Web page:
Consumers want out of the box

March 12, 2017
In the News

As appeared in Canadian auto dealer  

F&I providers are adapting their tools, training and products to help dealers provide a better customer experience.

It’s no secret that many car buyers don’t enjoy the F&I business office experience. They say it takes too long, they feel pressured, and they often don’t really understand the value and costs of the products they are being offered. According to an IHS Automotive Buyer Influence study, 55 percent of new car buyers and 57 percent of used car buyers say they “experienced frustration” during the buying process, and the time required of them by the dealership was a major factor. In another study, AutoTrader looked at a variety of dealerships and found the average time to complete the F&I process was 61 minutes. That time represents two-thirds of the entire vehicle purchase process that consumers are willing to accept. The study found that educating customers and allowing them to reach a decision took an average of 28 minutes.While improving the F&I experience is in everyone’s interest, there are no easy fixes. Simply rushing consumers through the process, means they could miss out on valuable products they might have been interested in buying. Relying solely on technology, and letting them self-navigate options, also takes the human interaction and salesmanship out of the equation. All of this, of course, puts revenue and valuable margin at risk for dealers, who have to balance the quality of the customer experience with their business needs. Canadian auto dealer reached out to some leading F&I providers to find out what they were doing with their dealership clients to help them improve their business office performance, while delivering an improved customer experience.


Chris Cawston, is President & General Manager of Sym-Tech Dealer Services, a Richmond Hill, Ont.-based provider of F&I products, software, training programs, in-dealership development and technology.

“Sym-Tech determined years ago that the F&I business inside dealerships was really performing sub-optimally for a whole host of reasons,” says Cawston.

Cawston says the industry is in the midst of a big change, built around an improved customer experience.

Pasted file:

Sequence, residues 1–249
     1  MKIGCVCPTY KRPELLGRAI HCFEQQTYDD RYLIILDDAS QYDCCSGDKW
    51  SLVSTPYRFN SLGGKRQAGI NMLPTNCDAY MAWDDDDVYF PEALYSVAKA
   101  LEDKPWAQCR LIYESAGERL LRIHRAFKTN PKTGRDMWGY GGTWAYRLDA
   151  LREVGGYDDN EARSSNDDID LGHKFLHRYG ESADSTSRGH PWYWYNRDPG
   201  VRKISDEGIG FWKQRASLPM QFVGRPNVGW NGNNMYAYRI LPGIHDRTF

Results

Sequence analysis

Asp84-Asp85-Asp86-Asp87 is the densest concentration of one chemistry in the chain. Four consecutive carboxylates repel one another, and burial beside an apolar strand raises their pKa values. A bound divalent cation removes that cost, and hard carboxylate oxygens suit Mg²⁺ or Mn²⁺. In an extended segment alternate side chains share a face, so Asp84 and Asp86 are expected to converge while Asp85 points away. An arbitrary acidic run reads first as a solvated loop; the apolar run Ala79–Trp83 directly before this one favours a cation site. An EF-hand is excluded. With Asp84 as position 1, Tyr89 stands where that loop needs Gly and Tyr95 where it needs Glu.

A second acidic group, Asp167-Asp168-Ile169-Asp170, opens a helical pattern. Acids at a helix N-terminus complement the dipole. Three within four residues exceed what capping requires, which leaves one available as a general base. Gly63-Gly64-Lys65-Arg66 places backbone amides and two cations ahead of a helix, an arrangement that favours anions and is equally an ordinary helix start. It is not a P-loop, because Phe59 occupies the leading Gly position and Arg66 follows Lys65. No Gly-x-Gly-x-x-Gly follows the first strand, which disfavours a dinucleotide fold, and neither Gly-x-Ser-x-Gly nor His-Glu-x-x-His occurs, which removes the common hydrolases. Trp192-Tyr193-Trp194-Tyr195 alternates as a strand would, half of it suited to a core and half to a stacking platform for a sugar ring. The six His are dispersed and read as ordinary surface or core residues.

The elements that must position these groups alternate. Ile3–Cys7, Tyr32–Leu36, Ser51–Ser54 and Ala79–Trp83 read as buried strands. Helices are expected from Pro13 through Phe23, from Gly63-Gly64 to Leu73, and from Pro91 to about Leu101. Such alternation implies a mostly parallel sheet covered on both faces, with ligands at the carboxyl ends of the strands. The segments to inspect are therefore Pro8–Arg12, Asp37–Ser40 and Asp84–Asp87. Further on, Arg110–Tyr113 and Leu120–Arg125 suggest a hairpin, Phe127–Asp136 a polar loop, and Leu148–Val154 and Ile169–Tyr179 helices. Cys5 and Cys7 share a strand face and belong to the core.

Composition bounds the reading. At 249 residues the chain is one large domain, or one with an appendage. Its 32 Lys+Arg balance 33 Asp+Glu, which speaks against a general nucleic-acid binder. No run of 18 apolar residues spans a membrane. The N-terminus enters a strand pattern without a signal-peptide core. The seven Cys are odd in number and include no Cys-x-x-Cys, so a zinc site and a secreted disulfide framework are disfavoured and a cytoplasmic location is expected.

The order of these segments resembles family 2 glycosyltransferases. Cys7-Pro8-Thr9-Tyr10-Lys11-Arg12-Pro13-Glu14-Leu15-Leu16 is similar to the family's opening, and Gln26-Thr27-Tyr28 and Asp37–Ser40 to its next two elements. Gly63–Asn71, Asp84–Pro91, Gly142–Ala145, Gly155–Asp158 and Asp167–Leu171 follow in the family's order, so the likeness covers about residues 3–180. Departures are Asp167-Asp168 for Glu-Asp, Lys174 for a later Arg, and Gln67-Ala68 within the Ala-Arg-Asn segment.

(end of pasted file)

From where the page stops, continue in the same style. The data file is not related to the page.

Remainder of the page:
“If you look back at where F&I was five years ago, where it is today, and where it is going, a clear migration is happening,” he says. “It’s a much more professional environment. It’s a much more structured environment. There’s a lot more process around the whole interaction with the customer to ensure that it’s a faster experience, one more tailored to the customer’s needs. And, it’s transparent.”

Cawston says there’s no easy silver bullet to improve the customer experience and turn a poorly performing F&I offer around. Better technology is one part of the equation, but he says training and behavioural changes are also critical.

“Dealerships are riddled with all sorts of technology investment that have been made over the years and ended up on the shelf producing disappointing returns for dealers,” he says.

He says Sym-Tech helps dealers improve their F&I business performance, and it offers a full suite of training courses for F&I, sales and service regularly attended by dealership personnel. The company has elaborate and purpose-built training facilities in Richmond Hill and Montreal, and will be opening a third facility in Calgary. Some of these courses are three to five days long, and provide intensive training and role-playing exercises led by skilled facilitators. Follow up in-dealership training and support is critical and helps ensure new behaviours take hold and are maintained over time, says Cawston.


Final Coat, a provider of appearance protection and other F&I products, says it goes to great lengths to ensure its dealer customer – and increasingly consumers – can use technology to educate themselves about the merits of their products. The company used a number of approaches, including pre-loading digital picture frames with brief product videos that it provides free of charge to dealers so they can be given to consumers to watch in the F&I office. Although they delivered these digital frames to all their customers, they don’t all use them.